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March 23, 2007

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Thanks Hilzoy. Based on one quick reading, I’m not sure how this differs from Murtha’s original slow bleed plan. I have to digest it a little.

The question is how it differs from the President's slow bleed plan.

The short-term stuff is waivable by the President (if he finds certain conditions) and the long-term stuff, while not waivable, can be amended, if circumstances are such that a bare majority can be gotten to move the dates. A different President would see which way the parade is going, and get out in front of it. Someone to whom it might be important not to be perceived as sending soldiers to their deaths in support of personal vanity.

Hilzoy, your analysis avoids the point that, for some restrictions at least, Bush might not veto but instead use a signing statement to say he's going to ignore the "unconstitutional" restriction. That's his favored way of short-circuiting the constitutional path for making laws.

OCSteve, I'm disappointed to see you using the "slow bleed" propaganda term. Please tell ne you didn't fall for the Republican lie that the Democrats invented the phrase.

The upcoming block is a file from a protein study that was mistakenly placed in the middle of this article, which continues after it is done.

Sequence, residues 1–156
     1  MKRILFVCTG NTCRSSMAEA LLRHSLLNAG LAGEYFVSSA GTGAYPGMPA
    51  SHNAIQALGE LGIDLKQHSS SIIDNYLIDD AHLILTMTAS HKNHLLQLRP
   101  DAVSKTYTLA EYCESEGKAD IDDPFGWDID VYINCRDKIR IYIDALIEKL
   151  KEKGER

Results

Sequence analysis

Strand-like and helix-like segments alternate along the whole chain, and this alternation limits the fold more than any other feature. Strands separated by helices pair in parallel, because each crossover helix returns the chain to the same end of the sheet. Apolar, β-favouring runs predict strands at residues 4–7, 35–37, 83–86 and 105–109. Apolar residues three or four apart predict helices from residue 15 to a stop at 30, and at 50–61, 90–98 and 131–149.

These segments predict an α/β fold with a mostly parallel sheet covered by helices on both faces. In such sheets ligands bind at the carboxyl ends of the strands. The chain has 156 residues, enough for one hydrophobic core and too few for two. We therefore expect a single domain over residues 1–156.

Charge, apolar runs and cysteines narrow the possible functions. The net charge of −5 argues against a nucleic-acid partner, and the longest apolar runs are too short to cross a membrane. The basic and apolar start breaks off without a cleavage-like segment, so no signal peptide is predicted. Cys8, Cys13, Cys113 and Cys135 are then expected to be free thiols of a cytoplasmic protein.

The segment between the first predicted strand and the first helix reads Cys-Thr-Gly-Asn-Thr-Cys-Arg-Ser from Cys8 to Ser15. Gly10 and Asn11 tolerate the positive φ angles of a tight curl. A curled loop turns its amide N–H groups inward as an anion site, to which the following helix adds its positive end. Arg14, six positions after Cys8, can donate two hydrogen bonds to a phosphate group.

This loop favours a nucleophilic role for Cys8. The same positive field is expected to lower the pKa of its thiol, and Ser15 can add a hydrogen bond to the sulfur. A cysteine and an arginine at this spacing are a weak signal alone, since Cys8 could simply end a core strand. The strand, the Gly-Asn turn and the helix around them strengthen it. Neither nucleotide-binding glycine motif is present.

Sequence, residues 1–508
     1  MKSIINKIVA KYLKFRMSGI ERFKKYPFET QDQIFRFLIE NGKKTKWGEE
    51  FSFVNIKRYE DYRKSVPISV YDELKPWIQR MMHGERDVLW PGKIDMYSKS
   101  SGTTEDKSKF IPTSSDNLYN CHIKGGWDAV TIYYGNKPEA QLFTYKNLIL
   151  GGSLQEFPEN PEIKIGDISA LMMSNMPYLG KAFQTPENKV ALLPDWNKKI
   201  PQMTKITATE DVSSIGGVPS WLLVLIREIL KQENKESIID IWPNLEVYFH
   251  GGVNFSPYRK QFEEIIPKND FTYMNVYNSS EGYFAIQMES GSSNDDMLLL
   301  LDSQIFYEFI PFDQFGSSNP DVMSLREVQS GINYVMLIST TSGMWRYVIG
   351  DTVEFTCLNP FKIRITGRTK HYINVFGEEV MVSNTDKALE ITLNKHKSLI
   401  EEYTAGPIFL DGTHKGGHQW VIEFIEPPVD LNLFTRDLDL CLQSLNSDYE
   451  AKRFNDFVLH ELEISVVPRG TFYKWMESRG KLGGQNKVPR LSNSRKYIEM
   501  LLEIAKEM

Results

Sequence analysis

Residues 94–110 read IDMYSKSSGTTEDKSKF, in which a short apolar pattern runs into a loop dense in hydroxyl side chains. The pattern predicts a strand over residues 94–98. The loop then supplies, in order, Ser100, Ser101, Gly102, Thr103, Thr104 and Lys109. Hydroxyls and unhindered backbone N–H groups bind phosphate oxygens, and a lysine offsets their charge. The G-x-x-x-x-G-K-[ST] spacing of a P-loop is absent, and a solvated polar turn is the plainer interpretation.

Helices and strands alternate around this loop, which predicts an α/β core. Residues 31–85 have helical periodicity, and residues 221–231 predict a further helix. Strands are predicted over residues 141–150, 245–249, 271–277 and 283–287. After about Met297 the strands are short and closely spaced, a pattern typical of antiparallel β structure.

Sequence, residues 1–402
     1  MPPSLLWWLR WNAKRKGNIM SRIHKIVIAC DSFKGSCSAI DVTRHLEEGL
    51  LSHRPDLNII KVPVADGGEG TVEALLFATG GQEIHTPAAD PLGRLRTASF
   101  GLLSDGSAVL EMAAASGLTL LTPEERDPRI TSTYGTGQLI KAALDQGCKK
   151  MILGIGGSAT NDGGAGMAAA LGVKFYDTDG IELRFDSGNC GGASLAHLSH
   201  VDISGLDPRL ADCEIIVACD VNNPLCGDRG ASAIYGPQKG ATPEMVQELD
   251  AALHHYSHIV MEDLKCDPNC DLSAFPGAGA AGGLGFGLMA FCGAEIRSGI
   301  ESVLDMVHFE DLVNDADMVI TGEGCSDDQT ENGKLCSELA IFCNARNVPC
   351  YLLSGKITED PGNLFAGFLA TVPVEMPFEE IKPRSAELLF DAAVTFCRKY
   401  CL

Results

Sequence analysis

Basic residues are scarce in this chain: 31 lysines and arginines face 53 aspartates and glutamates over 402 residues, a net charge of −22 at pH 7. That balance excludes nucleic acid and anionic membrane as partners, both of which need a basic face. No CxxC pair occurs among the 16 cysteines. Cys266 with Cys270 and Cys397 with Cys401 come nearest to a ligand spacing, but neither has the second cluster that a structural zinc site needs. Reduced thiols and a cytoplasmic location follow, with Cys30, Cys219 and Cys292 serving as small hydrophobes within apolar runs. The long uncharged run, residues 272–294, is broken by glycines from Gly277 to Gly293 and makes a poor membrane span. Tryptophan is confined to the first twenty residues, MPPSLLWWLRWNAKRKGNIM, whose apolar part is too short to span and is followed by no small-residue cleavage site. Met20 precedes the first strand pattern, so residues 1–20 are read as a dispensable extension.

1902(c) - The limitation prescribed in subsection (b) shall not be construed to require force levels in Iraq to be decreased below the total United States force levels in Iraq prior to January 10, 2007.

If I understand it correctly, this in effect immediately undoes the surge. We already have units that have been extended. On passage of the bill those units immediately become eligible for redeployment. I came to oppose the surge but there have been positive signs lately so I’m conflicted. I would expect Bush to just exercise (d) and certify that they are needed there.

1903 I like. No one should have to do back to back tours.

1904(b) – Did we stand up a free and independent government or not? Implement the legislation we want you to or we are out of there…

Good – Having come to oppose the surge and believe its time to get out, I think this does it fairly responsibly. Six months seems like a reasonable time to do it and there are no restrictions on funding having to do with accomplishing a safe redeployment. I’m not happy about hamstringing the military in this way, but it doesn’t look like it is going to happen any other way.

Bad - Now out comes the cynic in me. All troops out by September 2008. Interesting date. Why choose that I wonder. Hmmm. Seems like something else happens in the fall of 2008… Sorry – but that makes this a lot more about politics and elections than anything else. That could of course backfire in a big way.

Please tell ne you didn't fall for the Republican lie that the Democrats invented the phrase.

I know that Democrats didn’t invent it. But it is what it quickly came to be called. (Yes – because Republicans jumped on the phrase and used it to good effect.)

Yes, but "slow-bleed" is such a misleading and inappropriate term.